What happened to the “lifetime commitment” aspect of marriage in the U.S.? Divorce is almost as prevalent as marriage. Not really, but compared to 50-100 years ago, the number of divorces has increased exponentially. That’s an exaggeration too, but the increase in these numbers has been a source of dialogue in many circles including the political rhetoric of our age. The issue of gay marriage has brought this to the forefront of many a debate. The LGBTQI community was only just granted the right to legally marry and while opponents of this legislation purported that this would crush the very cornerstone of American society (the nuclear family), the average length of the “lifetime” commitment in America has been steadily declining arguably since after WWII. Long before unions of varying composition outside the concept of 1 man + 1 woman were established.

So what has changed?

The whole answer is, of course, beyond the scope of this opinion article. However, I suggest the fissure in the foundation of American marriage and commitment lies in a more global shift of what it means to be an American and to pursue the American Dream. The infrastructure of support, validation, sanctioning, accountability and necessity of the “traditional” nuclear family has been effectively eroded by ideas of equality, individual responsibility, equal opportunity, religious freedom, the discovery of issues like codependence, domestic violence, mental and emotional health and well-being, as well as the national and local economic landscape. What does it mean today to survive and prosper in America? It no longer requires a “partnership” to do so in the most fundamental ways. We no longer only allow men into certain occupations, we have seen the family owned and operated business become all but extinct and we encourage our young people to “find themselves” and break away from the status quo. Like it or not, the “traditional” family structure, expectations of family loyalty and necessity of this family unit for survival kept marriages intact and families together. Now, before you assemble a lynch mob to drag me through the streets and hang me from the highest tree, let me be clear. I am in no way saying that the answer is to return to these values and expectations that perpetuate the male dominated structure of American society. Let’s remember the diseases that found fertile ground in this safe yet putrid environment – depression and other mental health problems, suicide, substance abuse, domestic violence, child abuse, etc. Much of which was left unchecked by the larger community and allowed to be perpetuated or dealt with at the discretion of the male head of household (“it’s a family issue”). A steep price to pay for such refuge.

What worked then ain’t workin’ now.

Couples no longer rely on each other in the same sense of “partnership” as they did even 50 years ago. We have evolved as a society. Socially, morally…for better or worse, we are not the same creatures we once were…the nation as a whole no longer requires the union of one man and one woman to facilitate the American Dream. There is no longer just one dream and often two (or more) people in the same committed relationship do not share the same dreams and aspirations. They may be pursuing separate goals personally, professionally and spiritually. They may have separate careers, sometimes separate faiths and beliefs. Marriage and relationships are about…*gasp*…LOVE! Love, desire, passion, chemistry, attraction, etc. All of which have historically proven for many to be unstable ground to build a life on with other humans. Without the need for each other to survive, what will keep us together when the infatuation fades and the stresses of life build? How many unions are dissolved due to one party’s complaint they are “no longer in love,” or say, “we just grew apart,” “people grow and change,” etc. When we no longer desire to be together, how will we honor our “lifetime” commitments? The truth is, many of us don’t, can’t or won’t. Why? Because we, as a community, as a social organism, no longer know how. We assume it flows naturally into happily-ever-after and often don’t see the neon warning signs of miscommunication, disproportionate self-sacrifice, projections from our past, entitlement, resentment and differences in fundamental values and expectations that create unhealthy, divisive and destructive patterns of relationship dynamics. A dance we learn that often has us deftly toeing around one another unseen and unheard. We lose sight of each other in plain view. And then, as often is the case, we can no longer find each other at all. Even when we try.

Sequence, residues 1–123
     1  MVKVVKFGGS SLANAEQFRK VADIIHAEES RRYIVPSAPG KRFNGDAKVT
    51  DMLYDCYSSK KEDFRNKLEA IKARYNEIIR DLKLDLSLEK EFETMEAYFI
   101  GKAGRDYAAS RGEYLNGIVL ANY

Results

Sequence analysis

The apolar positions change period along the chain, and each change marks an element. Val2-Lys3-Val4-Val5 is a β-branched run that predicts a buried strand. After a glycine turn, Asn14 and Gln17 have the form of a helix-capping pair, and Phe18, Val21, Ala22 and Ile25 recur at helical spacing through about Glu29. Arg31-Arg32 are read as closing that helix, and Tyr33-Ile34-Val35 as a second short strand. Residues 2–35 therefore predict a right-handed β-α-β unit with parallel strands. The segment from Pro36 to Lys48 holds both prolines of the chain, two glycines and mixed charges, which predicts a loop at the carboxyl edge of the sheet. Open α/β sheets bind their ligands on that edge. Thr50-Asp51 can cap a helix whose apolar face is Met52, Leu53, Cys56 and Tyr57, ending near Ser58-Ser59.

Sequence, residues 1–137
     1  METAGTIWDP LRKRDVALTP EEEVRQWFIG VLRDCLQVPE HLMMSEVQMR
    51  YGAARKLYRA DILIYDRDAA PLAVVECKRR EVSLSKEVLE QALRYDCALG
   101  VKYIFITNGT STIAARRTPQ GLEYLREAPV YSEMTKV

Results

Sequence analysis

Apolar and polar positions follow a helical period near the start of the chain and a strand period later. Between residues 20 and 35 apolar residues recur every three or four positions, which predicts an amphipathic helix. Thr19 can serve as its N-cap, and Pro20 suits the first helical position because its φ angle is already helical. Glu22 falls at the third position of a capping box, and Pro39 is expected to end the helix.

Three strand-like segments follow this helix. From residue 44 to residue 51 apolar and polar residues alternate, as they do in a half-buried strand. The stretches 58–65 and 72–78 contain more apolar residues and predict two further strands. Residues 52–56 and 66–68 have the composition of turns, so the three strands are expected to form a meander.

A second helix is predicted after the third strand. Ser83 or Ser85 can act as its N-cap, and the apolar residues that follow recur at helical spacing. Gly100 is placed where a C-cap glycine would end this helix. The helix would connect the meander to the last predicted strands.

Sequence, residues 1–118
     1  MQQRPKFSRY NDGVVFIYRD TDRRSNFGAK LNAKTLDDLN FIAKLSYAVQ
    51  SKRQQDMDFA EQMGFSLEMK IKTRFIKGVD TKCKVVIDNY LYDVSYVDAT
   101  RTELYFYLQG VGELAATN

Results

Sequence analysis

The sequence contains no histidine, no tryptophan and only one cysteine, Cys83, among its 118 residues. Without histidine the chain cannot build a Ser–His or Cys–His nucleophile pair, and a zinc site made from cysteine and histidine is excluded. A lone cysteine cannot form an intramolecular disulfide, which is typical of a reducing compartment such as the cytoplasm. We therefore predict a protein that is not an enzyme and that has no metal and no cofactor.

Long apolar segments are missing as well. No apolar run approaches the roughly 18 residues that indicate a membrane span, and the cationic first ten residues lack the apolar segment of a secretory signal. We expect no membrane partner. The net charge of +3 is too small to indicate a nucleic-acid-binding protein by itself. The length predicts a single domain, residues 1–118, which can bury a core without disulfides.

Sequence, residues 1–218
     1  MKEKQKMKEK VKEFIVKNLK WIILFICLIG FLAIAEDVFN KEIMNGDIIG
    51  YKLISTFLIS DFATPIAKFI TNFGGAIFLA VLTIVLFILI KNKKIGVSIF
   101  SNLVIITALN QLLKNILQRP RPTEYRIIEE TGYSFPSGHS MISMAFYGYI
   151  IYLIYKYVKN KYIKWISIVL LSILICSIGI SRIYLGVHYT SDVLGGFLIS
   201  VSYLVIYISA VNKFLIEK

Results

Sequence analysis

So what do we do?

Should we teach relationship skills starting at the same age we start preschool? Make open and effective communication, conflict resolution, the science of emotional intelligence and expression, trauma resolution, empathy, compassion and love part of the core curriculum?
I haven’t used Algebra since I finished school. But I did discover that I was wholly unprepared and ill-equipped to sustain an intimate relationship no matter how much I desired or loved my partner. No matter the dreams or goals. Because I had only images from a bygone era of being together forever… easily, naturally. It’s just how it was – like a biological phenomenon – a stage of life where a new set of organs matures and we suddenly, instinctively know how to mate for life.
We get more training and instruction on how to drive a car or solve for X than we do in maintaining our intimate relationships.

I vote that we teach more love; less algebra. If you need help in navigating this brave new world of relationships, love and marriage please call us at Thriveworks Counseling Austin512-649-2270. You can thrive; we can help.

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